The European Union plans to be fossil-fuel independent by 2050. To make climate protection successful in Europe, decision-makers at all political levels must grapple with a variety of issues. What does the vision of a climate-neutral EU look like in concrete terms? Which measures make it possible to achieve this goal? How can different political levels effectively support each other and coordinate?
Cities and municipalities are at the forefront here, particularly when it comes to coming up with and taking the necessary action. Many cities have already declared a state of climate emergency in order to create new momentum for the goal of a climate-neutral city. The success of European climate policy now depends on how the EU handles the needs and potential at the local level.
For the trio EU presidency of Germany, Portugal and Slovenia (2020-2021), climate neutrality was high on the agenda, in line with the European Commission’s European Green Deal. The German federal government wanted to support the presidential trio: The project Three Presidencies for Climate: Think European – Act Local (Three4Climate) focussed on climate-neutral cities as well as coordination and cooperation between and across political levels. The goal was not only to anchor EU climate protection in politics, but also implement it locally and learn from that implementation. The project was part of the European Climate Initiative (EUKI) run by the Federal Ministry for the Environment, Nature Conservation and Nuclear Safety (BMU). Closely linked to the political priorities of the trio EU Council presidency, the project offered an exchange platform for decision-makers at the municipal, national and EU levels. The dialogue and meeting formats incorporated schools and local stakeholders in order to offer a platform to those who wanted to share their knowledge and learn from others across national borders. For the first time, the EU Council presidency cooperated at both the national and local levels. EU institutions shared knowledge, ideas and experience with municipalities, schools and local initiatives in order to work towards the common goal.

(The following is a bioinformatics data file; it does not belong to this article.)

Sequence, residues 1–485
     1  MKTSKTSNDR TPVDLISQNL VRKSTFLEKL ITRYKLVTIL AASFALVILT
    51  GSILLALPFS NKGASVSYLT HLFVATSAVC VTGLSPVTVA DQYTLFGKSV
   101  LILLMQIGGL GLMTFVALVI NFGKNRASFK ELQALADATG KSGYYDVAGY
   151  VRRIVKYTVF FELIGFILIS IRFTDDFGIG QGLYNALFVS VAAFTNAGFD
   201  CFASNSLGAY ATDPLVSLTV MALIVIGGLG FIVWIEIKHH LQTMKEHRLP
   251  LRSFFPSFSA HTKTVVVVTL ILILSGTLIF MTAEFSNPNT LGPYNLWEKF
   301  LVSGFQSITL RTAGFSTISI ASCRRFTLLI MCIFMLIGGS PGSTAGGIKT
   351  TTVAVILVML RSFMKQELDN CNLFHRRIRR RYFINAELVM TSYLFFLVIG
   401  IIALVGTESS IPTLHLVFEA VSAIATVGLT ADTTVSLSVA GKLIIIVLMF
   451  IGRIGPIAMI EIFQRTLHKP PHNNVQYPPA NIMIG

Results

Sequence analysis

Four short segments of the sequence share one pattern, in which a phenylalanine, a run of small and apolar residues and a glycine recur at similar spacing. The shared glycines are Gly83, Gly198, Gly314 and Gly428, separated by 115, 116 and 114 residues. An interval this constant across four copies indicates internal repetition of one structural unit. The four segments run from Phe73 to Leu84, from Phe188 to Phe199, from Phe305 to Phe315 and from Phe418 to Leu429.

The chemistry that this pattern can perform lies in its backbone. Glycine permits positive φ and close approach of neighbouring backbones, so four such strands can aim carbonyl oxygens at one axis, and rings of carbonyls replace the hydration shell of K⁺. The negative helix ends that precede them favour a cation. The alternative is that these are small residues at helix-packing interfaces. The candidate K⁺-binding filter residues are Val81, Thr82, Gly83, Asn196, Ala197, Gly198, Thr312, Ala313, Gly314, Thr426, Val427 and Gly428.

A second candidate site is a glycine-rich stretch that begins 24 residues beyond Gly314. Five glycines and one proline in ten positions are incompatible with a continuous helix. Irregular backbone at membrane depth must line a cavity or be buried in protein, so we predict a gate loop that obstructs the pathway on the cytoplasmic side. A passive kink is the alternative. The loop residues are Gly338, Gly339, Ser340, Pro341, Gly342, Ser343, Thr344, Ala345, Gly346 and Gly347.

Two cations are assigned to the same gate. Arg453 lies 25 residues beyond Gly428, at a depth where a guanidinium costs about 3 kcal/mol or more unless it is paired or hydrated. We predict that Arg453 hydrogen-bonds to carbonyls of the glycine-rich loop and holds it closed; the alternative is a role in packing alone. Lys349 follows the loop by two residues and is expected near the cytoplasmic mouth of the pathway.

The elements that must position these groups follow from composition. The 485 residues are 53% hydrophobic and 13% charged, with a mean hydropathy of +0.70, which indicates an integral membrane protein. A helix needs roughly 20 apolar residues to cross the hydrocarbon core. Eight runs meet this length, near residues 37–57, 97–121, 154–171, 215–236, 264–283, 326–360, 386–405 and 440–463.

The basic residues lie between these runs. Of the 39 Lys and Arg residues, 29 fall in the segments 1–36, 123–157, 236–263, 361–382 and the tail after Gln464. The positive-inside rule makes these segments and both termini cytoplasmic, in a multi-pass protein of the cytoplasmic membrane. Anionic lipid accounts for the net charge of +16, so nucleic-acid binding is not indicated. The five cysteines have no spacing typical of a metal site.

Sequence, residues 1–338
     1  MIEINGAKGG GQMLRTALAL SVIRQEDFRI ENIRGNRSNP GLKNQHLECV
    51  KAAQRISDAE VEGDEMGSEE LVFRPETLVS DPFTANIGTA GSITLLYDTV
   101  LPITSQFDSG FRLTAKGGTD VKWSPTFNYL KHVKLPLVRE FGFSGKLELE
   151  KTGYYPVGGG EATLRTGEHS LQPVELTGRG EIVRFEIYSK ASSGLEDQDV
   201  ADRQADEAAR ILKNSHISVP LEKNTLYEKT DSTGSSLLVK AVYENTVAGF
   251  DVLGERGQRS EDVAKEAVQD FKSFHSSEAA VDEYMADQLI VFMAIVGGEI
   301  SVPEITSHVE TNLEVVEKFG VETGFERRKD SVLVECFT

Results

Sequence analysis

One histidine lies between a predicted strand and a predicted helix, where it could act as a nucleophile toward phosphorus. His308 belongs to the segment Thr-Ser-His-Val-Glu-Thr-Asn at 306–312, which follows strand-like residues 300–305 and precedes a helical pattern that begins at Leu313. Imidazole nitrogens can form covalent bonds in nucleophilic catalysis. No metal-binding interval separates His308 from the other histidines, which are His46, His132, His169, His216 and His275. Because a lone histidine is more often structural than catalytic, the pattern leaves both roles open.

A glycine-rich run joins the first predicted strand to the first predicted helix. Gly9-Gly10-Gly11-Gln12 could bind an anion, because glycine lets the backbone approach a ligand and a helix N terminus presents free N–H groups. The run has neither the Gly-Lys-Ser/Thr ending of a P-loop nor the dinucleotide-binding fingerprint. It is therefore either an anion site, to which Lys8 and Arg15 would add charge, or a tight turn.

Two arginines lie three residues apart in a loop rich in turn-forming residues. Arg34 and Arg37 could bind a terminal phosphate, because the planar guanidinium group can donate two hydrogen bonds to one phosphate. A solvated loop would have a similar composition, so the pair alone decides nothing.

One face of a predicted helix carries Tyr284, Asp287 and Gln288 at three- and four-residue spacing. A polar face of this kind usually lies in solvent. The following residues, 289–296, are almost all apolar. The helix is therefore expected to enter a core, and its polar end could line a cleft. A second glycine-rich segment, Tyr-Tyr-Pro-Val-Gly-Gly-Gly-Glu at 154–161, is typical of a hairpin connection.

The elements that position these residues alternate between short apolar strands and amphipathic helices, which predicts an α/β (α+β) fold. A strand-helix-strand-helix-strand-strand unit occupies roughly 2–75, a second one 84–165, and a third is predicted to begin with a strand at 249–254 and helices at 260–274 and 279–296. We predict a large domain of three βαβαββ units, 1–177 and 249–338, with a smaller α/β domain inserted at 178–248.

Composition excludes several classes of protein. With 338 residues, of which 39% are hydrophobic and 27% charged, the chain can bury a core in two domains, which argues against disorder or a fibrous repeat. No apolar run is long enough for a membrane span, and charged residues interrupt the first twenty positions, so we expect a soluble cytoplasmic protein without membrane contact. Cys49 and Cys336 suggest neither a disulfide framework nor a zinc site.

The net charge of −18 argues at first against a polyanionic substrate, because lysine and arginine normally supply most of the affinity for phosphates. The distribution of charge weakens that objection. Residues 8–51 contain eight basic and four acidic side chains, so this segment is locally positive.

adelphi was involved in three major components of the project. First, the horizontal exchange, in which adelphi directed activities for six cities with ambitious climate goals in close cooperation with local partner organizations in Germany, Slovenia and Portugal. In a series of meetings, representatives of the cities and selected schools discussed and designed options for linking climate protection with other local and regional development issues. Central to this are three study trips to deepen the discussion about climate protection. Participants learned about local projects and exchanged ideas with colleagues, experts and interest groups. Second, adelphi supported the design and implementation of the vertical dialogue between relevant decision-makers at the EU level and city representatives. The aim was to work out the role of cities in the European Green Deal and contribute local momentum to the conversation at the European level. Finally, adelphi directed the implementation of the final conference in Slovenia. Participants reflected on past issues and activities, strengthened networks, and discussed how to expand and further establish the coordination of local, national and European climate policies between implementation and the strategic framework conditions.